After expediting the early opening of some patient rooms to serve an influx of COVID-19 patients in July, St. Joseph’s Hospital opened the front door of its $126 million dollar expansion in mid-September.
In addition to a new main entry with covered drop off, the six-story tower includes 90 private patient rooms on its three top floors. The ground floor provides easy access to patient registration and security, while the second floor features conference space for the team’s ongoing education and a pedestrian bridge that connects with St. Joseph’s Women’s Hospital, which is located across Dr. Martin Luther King Jr. Blvd from the main campus.
“When we broke ground on this project in April 2018, we had no idea what 2020 would bring,” said hospital President Kimberly Guy. “As it turns out, we’re able to provide our community with additional resources in the midst of a global pandemic. We’re following in the steps of our founders, the Franciscan Sisters of Allegany, who opened the original St. Joseph’s Hospital in 1934 during the Great Depression.”
The expansion means increased comfort for patients and their visitors, who will enjoy private rooms not only in the new tower but also in the original building that opened at this location in 1967.
“We listened to our patients, team members and physicians, taking their suggestions to heart as we planned the new facility,” Guy said. “Our goal is to enhance the patient experience in a space designed for the way we want to be cared for today. Patients will enjoy spacious rooms complete with our GetWellNetwork that offers education and entertainment. Meanwhile, our staff can stay closer to patients with ‘touch down’ work stations and decentralized supply storage areas that save steps.”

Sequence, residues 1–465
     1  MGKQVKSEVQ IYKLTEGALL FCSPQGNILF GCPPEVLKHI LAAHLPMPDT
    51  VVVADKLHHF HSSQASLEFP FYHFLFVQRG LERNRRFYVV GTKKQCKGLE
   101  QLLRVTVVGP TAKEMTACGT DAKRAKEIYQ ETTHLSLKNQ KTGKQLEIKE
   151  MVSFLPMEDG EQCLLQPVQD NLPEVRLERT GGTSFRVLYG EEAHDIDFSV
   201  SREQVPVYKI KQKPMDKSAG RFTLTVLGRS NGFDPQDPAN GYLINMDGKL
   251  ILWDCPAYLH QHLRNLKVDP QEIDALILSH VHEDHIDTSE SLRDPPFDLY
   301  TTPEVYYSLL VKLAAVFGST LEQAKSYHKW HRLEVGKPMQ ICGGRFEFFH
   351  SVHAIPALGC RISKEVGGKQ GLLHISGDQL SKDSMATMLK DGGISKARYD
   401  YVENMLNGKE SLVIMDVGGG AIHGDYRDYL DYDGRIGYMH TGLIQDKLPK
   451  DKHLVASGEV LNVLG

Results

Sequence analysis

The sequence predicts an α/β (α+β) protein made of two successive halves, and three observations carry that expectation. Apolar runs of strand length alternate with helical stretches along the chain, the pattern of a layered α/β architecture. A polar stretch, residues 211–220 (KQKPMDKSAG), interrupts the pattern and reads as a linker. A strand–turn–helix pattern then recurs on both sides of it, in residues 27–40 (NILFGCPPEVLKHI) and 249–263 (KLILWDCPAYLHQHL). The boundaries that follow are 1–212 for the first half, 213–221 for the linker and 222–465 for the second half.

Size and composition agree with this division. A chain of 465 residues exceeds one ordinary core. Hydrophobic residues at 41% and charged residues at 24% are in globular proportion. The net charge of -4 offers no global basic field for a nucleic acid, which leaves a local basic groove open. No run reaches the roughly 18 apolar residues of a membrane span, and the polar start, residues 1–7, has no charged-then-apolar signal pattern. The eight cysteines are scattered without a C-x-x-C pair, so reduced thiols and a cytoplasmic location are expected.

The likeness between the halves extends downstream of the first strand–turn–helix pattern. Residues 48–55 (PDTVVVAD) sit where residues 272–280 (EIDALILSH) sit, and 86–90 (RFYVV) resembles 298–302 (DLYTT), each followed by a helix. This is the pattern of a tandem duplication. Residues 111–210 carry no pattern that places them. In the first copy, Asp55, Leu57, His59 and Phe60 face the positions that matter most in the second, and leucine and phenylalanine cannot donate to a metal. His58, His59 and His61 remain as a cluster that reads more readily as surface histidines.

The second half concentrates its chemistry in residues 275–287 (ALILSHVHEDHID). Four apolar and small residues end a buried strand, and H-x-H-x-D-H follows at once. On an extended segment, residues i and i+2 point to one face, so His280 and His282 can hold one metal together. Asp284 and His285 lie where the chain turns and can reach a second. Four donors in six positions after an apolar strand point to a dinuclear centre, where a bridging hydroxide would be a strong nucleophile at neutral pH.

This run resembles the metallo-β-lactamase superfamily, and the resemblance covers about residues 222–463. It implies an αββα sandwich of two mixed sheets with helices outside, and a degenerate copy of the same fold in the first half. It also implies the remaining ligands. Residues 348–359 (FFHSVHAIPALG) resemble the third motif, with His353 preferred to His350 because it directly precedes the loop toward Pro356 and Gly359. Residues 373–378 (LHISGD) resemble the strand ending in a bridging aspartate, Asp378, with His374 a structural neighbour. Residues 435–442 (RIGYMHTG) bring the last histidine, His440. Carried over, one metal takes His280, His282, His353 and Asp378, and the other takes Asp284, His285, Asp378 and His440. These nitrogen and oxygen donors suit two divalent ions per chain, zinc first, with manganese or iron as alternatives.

For thousands of people who work on the campus, the most long-awaited addition is a pedestrian bridge that allows safe travel across a major thoroughfare. The bridge includes one private hall for transporting patients, who no longer need an ambulance to take them for services they may need in a different building. The other private hallway is designated for visitors and staff.
“We have wanted to build a bridge for decades,” Guy said. “The St. Joseph’s Hospital Auxiliary generously pledged $1 million to help make thisdream a reality. St. Joseph’s Hospitals Foundation board members Scott and Kathy Fink will be recognized in the new tower with the naming of the Fink Family Lobby for their leadership level support of St. Joseph’s Hospital.”
St. Joseph’s Hospital